Remember Do Not Track? It’s back.
Sen. Josh Hawley, R-MO, is reviving the decade old concept in proposed legislation that aims to let consumers opt out of online tracking beyond just browser-based activity.
In its original form in 2011, Do Not Track (DNT) relied on voluntary participation from browsers to respect a consumer’s desire to opt out of tracking. The idea was to insert an instruction within the HTTP header that would alert companies when consumers had denied permission to track their activity.
After years of back and forth, the initiative effectively fell apart at the feet of the tech and advertising lobby. Millions of people have Do Not Track enabled today, but most pundits agree that it doesn’t do much to protect privacy, since there’s no mechanism to require that companies comply.
But Hawley’s Do Not Track Act, if passed, would have teeth – rather than an honor system – to prohibit companies from profiling anyone who activates DNT. The full text of the bill is expected to be released on Tuesday.
The law would, according to Hawley, create a program akin to the national Do Not Call List, which allows consumers to register their phone numbers if they don’t want telemarketers to contact them. (Who those people are who actually want telemarketers to contact them is another question entirely.)
In Hawley’s view, consumers should have the right to block online companies from collecting their data “beyond what is indispensable” to the online service those companies provide.
Run afoul, and the law would impose “strict penalties.”
“Big tech companies can collect incredible amounts of deeply personal, private data from people without giving them the option to meaningfully consent,” Hawley said Monday when he first announced the bill. “They have gotten incredibly rich by employing creepy surveillance tactics on their users, but too often the extent of this data extraction is only known after a tech company irresponsibly handles the data and leaks it all over the internet.”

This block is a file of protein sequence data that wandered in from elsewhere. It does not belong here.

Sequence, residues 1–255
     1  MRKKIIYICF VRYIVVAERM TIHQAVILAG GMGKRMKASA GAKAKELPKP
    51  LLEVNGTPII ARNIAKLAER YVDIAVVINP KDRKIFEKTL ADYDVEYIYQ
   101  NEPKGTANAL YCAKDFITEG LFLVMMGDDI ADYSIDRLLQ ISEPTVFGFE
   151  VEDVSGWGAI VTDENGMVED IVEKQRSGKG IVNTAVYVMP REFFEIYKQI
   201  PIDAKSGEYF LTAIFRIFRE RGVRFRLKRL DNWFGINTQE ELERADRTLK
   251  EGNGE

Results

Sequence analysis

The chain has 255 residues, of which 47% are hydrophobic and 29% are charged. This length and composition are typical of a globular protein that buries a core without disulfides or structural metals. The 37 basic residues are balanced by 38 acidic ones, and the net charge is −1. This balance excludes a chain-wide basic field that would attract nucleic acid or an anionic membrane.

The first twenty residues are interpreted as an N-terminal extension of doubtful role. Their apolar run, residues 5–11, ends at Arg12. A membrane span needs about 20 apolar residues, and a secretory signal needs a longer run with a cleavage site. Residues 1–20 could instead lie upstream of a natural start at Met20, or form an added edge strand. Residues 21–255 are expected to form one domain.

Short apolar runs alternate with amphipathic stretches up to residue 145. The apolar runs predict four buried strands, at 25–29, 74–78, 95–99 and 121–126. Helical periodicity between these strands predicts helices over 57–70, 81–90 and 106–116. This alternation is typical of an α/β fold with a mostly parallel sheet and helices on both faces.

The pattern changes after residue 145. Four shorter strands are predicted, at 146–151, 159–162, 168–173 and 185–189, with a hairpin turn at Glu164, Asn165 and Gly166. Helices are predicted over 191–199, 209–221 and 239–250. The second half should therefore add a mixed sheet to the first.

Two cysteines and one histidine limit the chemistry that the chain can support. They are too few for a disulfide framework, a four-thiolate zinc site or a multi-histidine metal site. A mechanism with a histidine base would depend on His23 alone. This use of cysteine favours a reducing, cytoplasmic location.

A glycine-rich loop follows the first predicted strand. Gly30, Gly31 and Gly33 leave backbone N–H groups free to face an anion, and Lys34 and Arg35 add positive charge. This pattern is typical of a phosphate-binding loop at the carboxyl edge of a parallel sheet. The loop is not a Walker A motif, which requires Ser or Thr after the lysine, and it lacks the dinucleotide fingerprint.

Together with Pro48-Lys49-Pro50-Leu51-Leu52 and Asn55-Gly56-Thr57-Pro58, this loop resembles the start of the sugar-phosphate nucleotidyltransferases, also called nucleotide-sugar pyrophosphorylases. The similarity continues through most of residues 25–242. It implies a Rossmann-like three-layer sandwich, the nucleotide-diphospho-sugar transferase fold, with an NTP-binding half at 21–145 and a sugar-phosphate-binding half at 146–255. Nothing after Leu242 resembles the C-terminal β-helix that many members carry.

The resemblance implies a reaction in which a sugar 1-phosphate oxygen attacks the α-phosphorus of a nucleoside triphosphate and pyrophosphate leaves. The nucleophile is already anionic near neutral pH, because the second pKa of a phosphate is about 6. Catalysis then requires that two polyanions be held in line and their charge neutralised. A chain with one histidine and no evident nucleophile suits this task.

There’s been a groundswell of tech-skepticism in Washington, DC over the last year.
Just last month, for example, a bipartisan bill entered the Senate that would outlaw large internet companies like Facebook and Google from using deceptive design practices to manipulate users into unwittingly sharing their personal data.
The Hawley proposal is “yet another clear articulation of how consumers feel about unconsented data collection,” said Bill Simmons, co-founder and CTO of dataxu. “GDPR, CCPA and this proposal from Sen. Hawley all lead to one place: The controls must be put in the hands of consumers, not the internet companies.”
But there’s a weird little irony here, one that has always existed when the question of a universal opt-out crops up. You’ve got to track someone … in order to know not to track them.
When someone enables DNT, it sends a signal to anyone who tries to collect data that this person has opted out of data collection and data sharing across the web. But if someone uses multiple browsers, let alone more than one device, there’s no single signal, which means having to enable DNT multiple times.
“DNT would require a universal tracking ID to allow companies to know who not to track,” said Victor Wong, CEO of Thunder Experience Cloud.
But legislators also need to be careful not to be overly specific about browser implementation, Wong said, or it might lead to unintended consequences, like what happened in Korea where Internet Explorer was inadvertently written into dominant market share with the passage of legislation in the 1990s that required a specific security feature that only IE had in place.
“Legal tech monopolies can be created by poor legislation,” Wong said.